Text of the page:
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Propel: communication in the time of COVID-19

  • United Kingdom
  • Litigation and dispute management

31-03-2020

With recent events rapidly changing every aspect of our lives, many of us will have already faced challenges as we attempt to acclimatise to our new remote working world.

Whether its home-schooled children reminding us we have no idea how algebra works; trying to drown out your partner’s competing skype conference call broadcasting from the hallway of your one bed flat; or feeling like you’ve conquered Everest when you successfully return home from your trip to the shops with a roll of toilet paper – discovering how to stay focused and ensure business continuation in the face of COVID-19 can be tricky.

In such strange times, the need for effective communication has never been greater. To help in this department, here are a couple of tips from Propel to help you promote effective communication within your teams:

1. Communicate clearly and avoid assumptions

One of the greatest difficulties with remote communication within teams is the lack of body language, or context of each person’s situation, when they’re responding to an issue. Texts, IMs or emails can be misinterpreted or not fully understood by all team members, creating uncertainty within your team.

This can result in a lack of rapport between team members, and leave them working separately, without knowledge of how their work impacts others or the project as a whole. To avoid this, communicate clearly about objectives, define who has responsibility for what, and establish clear consistent streams of communication.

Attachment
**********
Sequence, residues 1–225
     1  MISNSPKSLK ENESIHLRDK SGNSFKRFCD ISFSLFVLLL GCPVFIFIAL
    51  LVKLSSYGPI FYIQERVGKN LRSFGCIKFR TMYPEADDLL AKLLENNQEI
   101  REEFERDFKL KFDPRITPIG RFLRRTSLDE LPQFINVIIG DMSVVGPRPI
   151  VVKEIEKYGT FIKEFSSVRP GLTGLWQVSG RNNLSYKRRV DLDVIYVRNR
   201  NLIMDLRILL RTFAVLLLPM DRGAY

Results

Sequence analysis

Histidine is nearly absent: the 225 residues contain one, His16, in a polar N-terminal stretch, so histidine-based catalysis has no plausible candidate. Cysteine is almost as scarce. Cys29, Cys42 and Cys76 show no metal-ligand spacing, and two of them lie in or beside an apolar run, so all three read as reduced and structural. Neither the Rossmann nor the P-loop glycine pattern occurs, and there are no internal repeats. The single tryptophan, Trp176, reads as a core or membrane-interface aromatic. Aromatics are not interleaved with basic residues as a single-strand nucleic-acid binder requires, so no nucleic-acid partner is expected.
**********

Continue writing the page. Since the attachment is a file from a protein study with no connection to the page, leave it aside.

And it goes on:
2. Understand the new rules of engagement

With the new rules of engagement trigged by remote working, it’s key to understand that each person will need to adapt to new forms of working and communication. One way to do this is to make sure you take the time to organise and understand each of your team members’ new reality.

One solution is to ensure that each of your team members’ timetables overlap for a set amount to time each week, to allow for collaboration on projects. And if you don’t have a project meeting to schedule, then arrange for a quick social call to catch up and check in on how everyone is coping.

3. Manage with objectives and collaborative tools

At a time where everyone’s social and working lives are being pulled in multiple directions by the demands of self-isolation, managing with objectives is key.

One thing that can help is the litigation technology tool CaseReady, which allows teams to collaborate digitally in real time. CaseReady’s streamlined process of managing case materials avoids any duplication of effort between teams, with teams able to share knowledge and work product with each other on one platform.

Another benefit is that documents and bundles are accessible electronically. This way bundles can be developed, and annotated by the legal team, as the case evolves. With each of the members of your team working remotely, streamlining the traditional bundle collation process can help drive efficiency and cost savings.

For more information please contact James Barrett or Lindy Christine.